Focus

Fighting for a living in Yemen

A young wheatish-looking Mansoor Al Barakani is stationed in Al Robaei hill, south of Taiz city with a kalashnikov strapped to his chest. This is the first time Al Barakani is on the frontline along with other feisty and determined unemployed young professionals.

They are a part of the popular resistance - a group formed by the residents of Taiz to defend the province from Al Houthi militia control.

Before the start of the Saudi-led coalition bombing in March, Al Barakani used to work as a tailor for three years in Al Shaikh Othman neighborhood in Aden. Due to the intensive fighting in the south since April, that severely damaged main streets, homes, and hospitals, Al Barakani fled to Taiz, and found himself without work.

After several unsuccessful attempts to find alternative work in Taiz, to support his wife and two daughters, he decided to join the popular resistance in the beginning of May.

Even four weeks after Aden was recaptured by the Saudi-led coalition forces in mid-July, Al Barakani stayed in Taiz to fight with the popular resistance.

“After weeks of looking for work, I decided to join the popular resistance as I was desperate for YR2000 [10$]. From the beginning of June they started to pay us YR4000 (20$),” Al Barakani told Gulf News.

Al Barakani who comes from the Jabal Habashi area in Taiz said it’s not uncommon to hear of youth flocking to join their comrade in-arms without any prior knowledge of fighting.

“I do not have experience in fighting, as I am a tailor by profession. But I use the rifle now. Also the popular resistance leaders provide training on when to strike or withdraw,” he said.

Exact numbers of young professionals using weapons on the battlefront is unknown. But the protracted political instability and lack of jobs has spurred more unemployed professionals to pick up kalashnikovs to earn a basic income.

A recent survey by the Yemen Studies and Economic Media Centre [SEMC] showed the private sector which accounts for 80 per cent of the country’s manpower has laid off more than 60 per cent of its workforce.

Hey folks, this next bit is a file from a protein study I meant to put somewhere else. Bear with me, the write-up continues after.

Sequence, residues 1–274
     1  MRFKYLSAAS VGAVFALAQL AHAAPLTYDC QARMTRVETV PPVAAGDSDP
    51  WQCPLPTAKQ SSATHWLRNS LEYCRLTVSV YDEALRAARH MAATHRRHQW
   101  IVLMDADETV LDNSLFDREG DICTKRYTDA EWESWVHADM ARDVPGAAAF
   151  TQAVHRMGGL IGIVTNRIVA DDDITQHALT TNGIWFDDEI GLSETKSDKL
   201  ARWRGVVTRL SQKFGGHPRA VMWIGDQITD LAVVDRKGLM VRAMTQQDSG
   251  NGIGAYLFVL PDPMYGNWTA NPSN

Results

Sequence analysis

In 2011, the significant disruptions in the supply and production, caused economic activity to contract by almost 11 percent, leading to higher unemployment, according to a World Bank Report, 2011. While there is no exact data to reflect Yemen’s unemployment after the Arab-coalition bombing, the centre indicated the numbers are said to be higher.

Mohammed Al Romaim, member of the education syndicate in Taiz said dozens if not hundreds of professionals are fighting with the popular committees in Taiz.

“In war conditions it is difficult to determine an exact number as people are only concerned about the military and political developments,” Al Romaim added.

Al Barakani said his friends are fighting mainly to earn a living and support their families as they do not have alternative sources of income. “At the same time we will not let Al Houthis take over Taiz,” he said.

The training by the popular resistance committees lasts for a week. The fighters are paid a remuneration from the leaders of the groups, and the income is divided based on the different areas they come from.

Hammond Al Mikhlafi, an Islamic law graduate, who heads the popular resistance in Taiz lost his son Osama Al Mikhlafi, a doctor in the last week of May, whilst defending Taiz from the militia.

When the war started in Taiz in March 2015, Mohammad Al Shaibani, 31, a physics tutor tried to secure another government teaching job, but there were none.

His bright wide eyes which once shined with hope and optimism, were filled with tears, and anxiety about his future.

Al Shaibani’s income of YR2000 [$10] per day before the war was not high, but now, he says, “I lost even this money. With no work in Taiz or anywhere, I cannot marry, build a house or take any positive step in my life.”

While a majority are drawn to popular resistance for the income, Sakr Ahmad, another member of the committee said there are a few who are committed to defending their province. “Death is not a problem anymore, and there is no difference between death or life when it comes to defending my city,” he said.

Unlike Al Houthi militants, Taiz’s skilled professionals are not trained fighters. A majority of the militia fighters are originally soldiers and use the weapons of the Yemeni army to fight the popular resistance.

Fadhl Al Dhobhani, a sociology professor at Taiz University said for many, the war has become a main source of income, especially for the youth in Taiz, who could be potentially dependent on their weapons to earn an income in future.

By Charlene Anne and Nasser Al Sakkaf-Al-Bawaba

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